On the role of route choice modeling in transit sketchy design

Document Type

Journal Article

Publication Date


Subject Area

planning - methods, ridership - perceptions


Route choice modeling, Random utility model, Sketchy design, Continuous approximation


Sketchy design models are used to examine the fundamental tradeoff in transit systems and to guide high-level decisions. Traditionally, passengers’ route choice is greatly simplified in such models. This study aims to understand whether this simplification would compromise qualitatively the results expected from the sketchy models. To this end, three transit systems, which all offer competitive alternative routes, are analyzed using the continuous approximation approach. We test what the impact on transit system performance (e.g. optimal designs and system costs) would be if travelers somehow split between these routes, rather than concentrate on the “best” one. A random utility model is employed to enable a probabilistic assignment of passengers to different routes according to the “perceived” utility. Analytical methods are then developed to estimate the aggregate share of each route in each system, based on which the user cost is obtained. Numerical results show that, while stochastic route choice modestly increases the optimal user cost, it has a negligible effect on the agency cost. Furthermore, the actual system design is largely insensitive to route choice modeling. Thus, while the simplest deterministic route choice assumption may not be valid in all systems, transit planners can safely ignore route choice details in most cases, at least for the purpose of strategic planning.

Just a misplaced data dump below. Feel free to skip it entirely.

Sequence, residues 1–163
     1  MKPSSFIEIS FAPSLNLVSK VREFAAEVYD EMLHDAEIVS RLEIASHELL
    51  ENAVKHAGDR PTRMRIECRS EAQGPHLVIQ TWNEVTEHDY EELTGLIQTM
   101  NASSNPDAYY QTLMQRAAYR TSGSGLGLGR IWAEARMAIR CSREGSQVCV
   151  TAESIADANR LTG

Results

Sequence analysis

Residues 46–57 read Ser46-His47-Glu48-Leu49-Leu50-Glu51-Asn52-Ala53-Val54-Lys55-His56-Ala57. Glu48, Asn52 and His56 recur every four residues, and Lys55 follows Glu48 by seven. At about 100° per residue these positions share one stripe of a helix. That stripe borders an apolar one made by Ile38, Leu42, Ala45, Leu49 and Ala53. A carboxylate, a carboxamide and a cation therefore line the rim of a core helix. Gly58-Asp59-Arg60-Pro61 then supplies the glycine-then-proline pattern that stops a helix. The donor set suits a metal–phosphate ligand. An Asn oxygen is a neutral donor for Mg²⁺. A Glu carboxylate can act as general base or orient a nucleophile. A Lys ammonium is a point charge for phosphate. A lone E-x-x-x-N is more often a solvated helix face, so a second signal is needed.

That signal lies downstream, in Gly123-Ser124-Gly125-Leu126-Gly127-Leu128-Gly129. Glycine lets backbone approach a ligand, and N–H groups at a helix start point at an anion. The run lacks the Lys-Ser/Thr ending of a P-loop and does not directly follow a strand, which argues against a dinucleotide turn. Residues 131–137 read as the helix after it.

Permission to publish the abstract has been given by Elsevier, copyright remains with them.


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